5 Stats That Will Make You Wonder Why You Aren’t Using SMS Marketing




  • — August 30, 2019

    Digital marketing is constantly evolving, with new communication channels and platforms emerging on a constant basis. Marketers are always on the lookout for a new channel to add to their marketing programs and most of their attention is on those exciting opportunities (Augmented Reality! Personalized OTT Digital Video! etc.). However, what if there was an older channel that isn’t universally used by every advertiser? What if this platform also happened to regularly deliver spectacular performance metrics? You might want to give it some consideration, wouldn’t you?

    Here are 5 stats that should catch your attention and suggest that it might be time for you to look at old-school SMS/text message marketing and how it might fit into your overall marketing strategy.

    5 billion people actively send and receive text messages (Text Request)

    How many other ‘new’ marketing channels come with a built-in audience that encompasses the majority of people on the planet? Text message marketing is almost as ubiquitous as the cell phones that billions of consumers carry with them at all times. Despite its status as an old school form or communication (since the first text message was sent all the way back in 1992), SMS is more popular today than ever. Like other types of mobile marketing, the ability to tap into this vast potential audience makes SMS marketing valuable to a wide range of advertisers.

    SMS Open Rates can reach 98% (SlickText)

    It’s great to have a huge potential audience, but every marketer knows that the key is to get them to actually notice and acknowledge your marketing message. Because of the incredibly immediate nature of text message communication, SMS open rates can reach as high as 98%. That’s the kind of open rate that any email marketer would dream about. It’s not surprising when you think about your own user behavior with your mobile phone. When a text message comes in, you are very likely to open it to check out the message, even if it isn’t from your partner or best friend. There aren’t many marketers that wouldn’t want to know that nearly 100% of their audience will see their message.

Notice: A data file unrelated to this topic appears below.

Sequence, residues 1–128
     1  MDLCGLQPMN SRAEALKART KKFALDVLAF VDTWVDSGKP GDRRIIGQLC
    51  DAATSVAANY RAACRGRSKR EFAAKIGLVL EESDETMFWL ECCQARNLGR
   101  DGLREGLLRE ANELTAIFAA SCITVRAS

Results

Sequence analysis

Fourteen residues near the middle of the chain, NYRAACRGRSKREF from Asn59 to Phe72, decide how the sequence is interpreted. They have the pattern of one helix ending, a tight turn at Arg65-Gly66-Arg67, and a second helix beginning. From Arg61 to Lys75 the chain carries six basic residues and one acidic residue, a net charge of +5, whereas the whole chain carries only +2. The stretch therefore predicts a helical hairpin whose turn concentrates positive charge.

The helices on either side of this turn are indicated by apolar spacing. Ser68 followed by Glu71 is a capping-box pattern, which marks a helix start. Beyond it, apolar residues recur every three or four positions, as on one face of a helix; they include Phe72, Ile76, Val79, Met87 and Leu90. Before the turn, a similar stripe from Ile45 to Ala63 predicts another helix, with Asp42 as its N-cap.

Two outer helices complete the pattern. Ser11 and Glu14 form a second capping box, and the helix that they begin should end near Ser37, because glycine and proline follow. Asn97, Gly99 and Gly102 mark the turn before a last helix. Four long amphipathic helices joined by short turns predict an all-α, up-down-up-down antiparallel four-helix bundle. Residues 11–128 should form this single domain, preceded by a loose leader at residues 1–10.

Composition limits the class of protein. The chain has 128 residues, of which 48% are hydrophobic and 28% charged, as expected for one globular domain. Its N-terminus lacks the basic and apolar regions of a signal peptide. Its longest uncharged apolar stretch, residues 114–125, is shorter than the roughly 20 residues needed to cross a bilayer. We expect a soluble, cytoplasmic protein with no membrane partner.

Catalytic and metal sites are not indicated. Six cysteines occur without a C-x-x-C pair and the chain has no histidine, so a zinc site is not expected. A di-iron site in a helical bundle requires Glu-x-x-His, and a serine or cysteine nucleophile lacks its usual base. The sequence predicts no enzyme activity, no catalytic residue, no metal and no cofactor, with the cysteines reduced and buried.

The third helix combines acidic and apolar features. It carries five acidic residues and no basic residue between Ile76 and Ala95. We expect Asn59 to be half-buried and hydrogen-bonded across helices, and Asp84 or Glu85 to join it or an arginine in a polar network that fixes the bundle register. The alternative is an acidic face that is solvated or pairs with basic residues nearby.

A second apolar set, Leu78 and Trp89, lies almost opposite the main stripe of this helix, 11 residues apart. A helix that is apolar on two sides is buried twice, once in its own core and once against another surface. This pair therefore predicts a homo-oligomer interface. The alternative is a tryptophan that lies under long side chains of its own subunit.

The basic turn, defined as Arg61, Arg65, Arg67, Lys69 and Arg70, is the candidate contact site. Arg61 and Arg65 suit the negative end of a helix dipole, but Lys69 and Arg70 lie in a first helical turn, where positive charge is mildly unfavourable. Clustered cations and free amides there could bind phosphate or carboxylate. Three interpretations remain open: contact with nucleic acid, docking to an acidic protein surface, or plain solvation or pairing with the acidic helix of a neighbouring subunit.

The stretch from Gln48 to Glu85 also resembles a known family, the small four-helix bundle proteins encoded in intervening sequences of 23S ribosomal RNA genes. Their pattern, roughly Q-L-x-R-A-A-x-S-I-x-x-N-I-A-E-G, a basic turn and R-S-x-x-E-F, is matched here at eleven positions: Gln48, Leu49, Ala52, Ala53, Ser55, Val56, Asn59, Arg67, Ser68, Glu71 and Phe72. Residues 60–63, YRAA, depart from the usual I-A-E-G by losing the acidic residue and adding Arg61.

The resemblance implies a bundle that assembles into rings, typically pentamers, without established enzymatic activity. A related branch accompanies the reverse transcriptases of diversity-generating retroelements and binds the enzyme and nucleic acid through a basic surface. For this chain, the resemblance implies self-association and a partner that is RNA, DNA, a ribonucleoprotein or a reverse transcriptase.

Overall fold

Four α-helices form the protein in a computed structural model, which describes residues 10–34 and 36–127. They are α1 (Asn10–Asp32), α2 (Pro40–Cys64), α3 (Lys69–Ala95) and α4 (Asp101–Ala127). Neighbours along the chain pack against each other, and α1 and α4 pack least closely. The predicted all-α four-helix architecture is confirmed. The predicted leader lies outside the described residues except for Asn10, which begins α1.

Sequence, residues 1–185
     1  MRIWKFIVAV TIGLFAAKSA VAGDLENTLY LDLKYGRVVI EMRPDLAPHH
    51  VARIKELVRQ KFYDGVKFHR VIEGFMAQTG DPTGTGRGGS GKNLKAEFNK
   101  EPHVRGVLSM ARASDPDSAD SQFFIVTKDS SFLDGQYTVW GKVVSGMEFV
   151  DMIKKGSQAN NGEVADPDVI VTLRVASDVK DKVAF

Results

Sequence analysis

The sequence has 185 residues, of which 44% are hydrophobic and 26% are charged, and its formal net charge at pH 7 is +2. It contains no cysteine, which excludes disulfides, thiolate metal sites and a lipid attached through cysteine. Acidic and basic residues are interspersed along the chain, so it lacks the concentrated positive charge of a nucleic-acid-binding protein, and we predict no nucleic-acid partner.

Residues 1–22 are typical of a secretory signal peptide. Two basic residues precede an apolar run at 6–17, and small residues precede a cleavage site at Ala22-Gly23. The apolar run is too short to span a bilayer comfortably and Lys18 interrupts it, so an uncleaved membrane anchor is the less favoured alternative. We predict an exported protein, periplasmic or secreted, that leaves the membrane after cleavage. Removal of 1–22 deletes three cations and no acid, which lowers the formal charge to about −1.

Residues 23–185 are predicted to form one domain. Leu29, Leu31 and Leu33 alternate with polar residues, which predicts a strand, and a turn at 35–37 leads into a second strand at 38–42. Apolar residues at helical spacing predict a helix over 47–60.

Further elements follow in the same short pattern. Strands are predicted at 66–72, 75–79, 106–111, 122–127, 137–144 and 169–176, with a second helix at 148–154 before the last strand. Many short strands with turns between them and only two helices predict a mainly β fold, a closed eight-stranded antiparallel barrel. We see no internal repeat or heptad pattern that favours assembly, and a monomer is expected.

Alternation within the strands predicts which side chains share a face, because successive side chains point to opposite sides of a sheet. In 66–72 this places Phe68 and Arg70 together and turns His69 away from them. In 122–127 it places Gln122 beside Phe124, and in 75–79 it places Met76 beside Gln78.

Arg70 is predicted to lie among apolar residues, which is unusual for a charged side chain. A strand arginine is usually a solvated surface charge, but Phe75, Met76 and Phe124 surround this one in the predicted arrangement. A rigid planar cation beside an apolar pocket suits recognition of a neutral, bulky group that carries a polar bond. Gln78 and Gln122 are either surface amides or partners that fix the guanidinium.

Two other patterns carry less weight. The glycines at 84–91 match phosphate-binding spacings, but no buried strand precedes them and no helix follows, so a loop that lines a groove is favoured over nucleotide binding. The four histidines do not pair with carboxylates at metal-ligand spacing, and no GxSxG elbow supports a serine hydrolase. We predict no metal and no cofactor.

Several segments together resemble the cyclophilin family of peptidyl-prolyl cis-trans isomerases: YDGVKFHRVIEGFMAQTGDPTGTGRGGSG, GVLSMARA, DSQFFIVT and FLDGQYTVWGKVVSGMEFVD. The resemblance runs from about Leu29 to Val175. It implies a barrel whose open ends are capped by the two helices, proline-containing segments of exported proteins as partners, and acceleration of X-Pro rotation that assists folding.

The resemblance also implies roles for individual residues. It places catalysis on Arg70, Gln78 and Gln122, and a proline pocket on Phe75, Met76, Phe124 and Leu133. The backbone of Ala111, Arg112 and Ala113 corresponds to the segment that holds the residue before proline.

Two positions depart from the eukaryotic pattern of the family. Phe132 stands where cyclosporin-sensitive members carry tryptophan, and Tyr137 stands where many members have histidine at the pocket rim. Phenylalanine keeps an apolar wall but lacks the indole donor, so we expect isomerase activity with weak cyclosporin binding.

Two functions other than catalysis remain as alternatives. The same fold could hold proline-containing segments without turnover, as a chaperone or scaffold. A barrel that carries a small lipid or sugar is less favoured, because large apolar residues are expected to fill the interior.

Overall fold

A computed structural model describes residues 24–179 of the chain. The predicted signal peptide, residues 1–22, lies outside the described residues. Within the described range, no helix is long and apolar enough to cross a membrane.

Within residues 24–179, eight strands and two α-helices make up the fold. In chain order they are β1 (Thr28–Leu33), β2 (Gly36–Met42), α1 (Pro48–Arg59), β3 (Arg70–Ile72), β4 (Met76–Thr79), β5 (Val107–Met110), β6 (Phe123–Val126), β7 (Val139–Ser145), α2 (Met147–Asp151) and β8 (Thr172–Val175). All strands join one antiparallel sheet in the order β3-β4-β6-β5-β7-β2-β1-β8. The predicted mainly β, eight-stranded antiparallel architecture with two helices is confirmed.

The average reply time frame in SMS is 90 seconds (Text Request)

    Once you get someone to open your text message, if they are going to respond, it is likely to happen within the first 90 seconds. Few marketing channels can drive response that quickly. We think of email as generating response with a fairly quick turnaround, but that is generally in hours and even the first few days to get the majority of responses to a typical promotional email. This kind of turnaround time can be incredibly valuable to marketers looking to leverage time sensitive offers and other promotions requiring a nearly immediate response.

    As many as 45% of recipients reply to branded text messages (SlickText)

    Performance-based marketers in particular are focused on driving engagement and response. SMS hits the mark here, with extremely high engagement rates that can be a 6-8x compared to another high performing channel like email marketing. A campaign that delivers a nearly 50% response rate would be a top performer for just about any digital marketer in any channel.

    Only 30% of consumers receive SMS messages from their favorite brands (TechJury)

    Why is this stat important? Because the SMS market isn’t saturated yet. There’s a good chance your competitors aren’t using SMS marketing yet and that provides an opportunity for any advertiser to be the first in their market to effectively use a marketing channel to reach current and potential customers.

    That’s a lot of evidence as to the value of using SMS marketing. However, before you go out and start planning your first SMS campaign, there are a number of key considerations. You’ll want to get an understanding of the rules of the road in SMS (best practices and legal guidelines), as well as learning about the technical requirements (an SMS platform, and potentially an SMS suppression list management platform, among others). Once you get a handle on the keys to compliance and campaign success, you can look at making SMS a part of your ongoing marketing strategy in 2019 and beyond.

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    Author: Tom Wozniak

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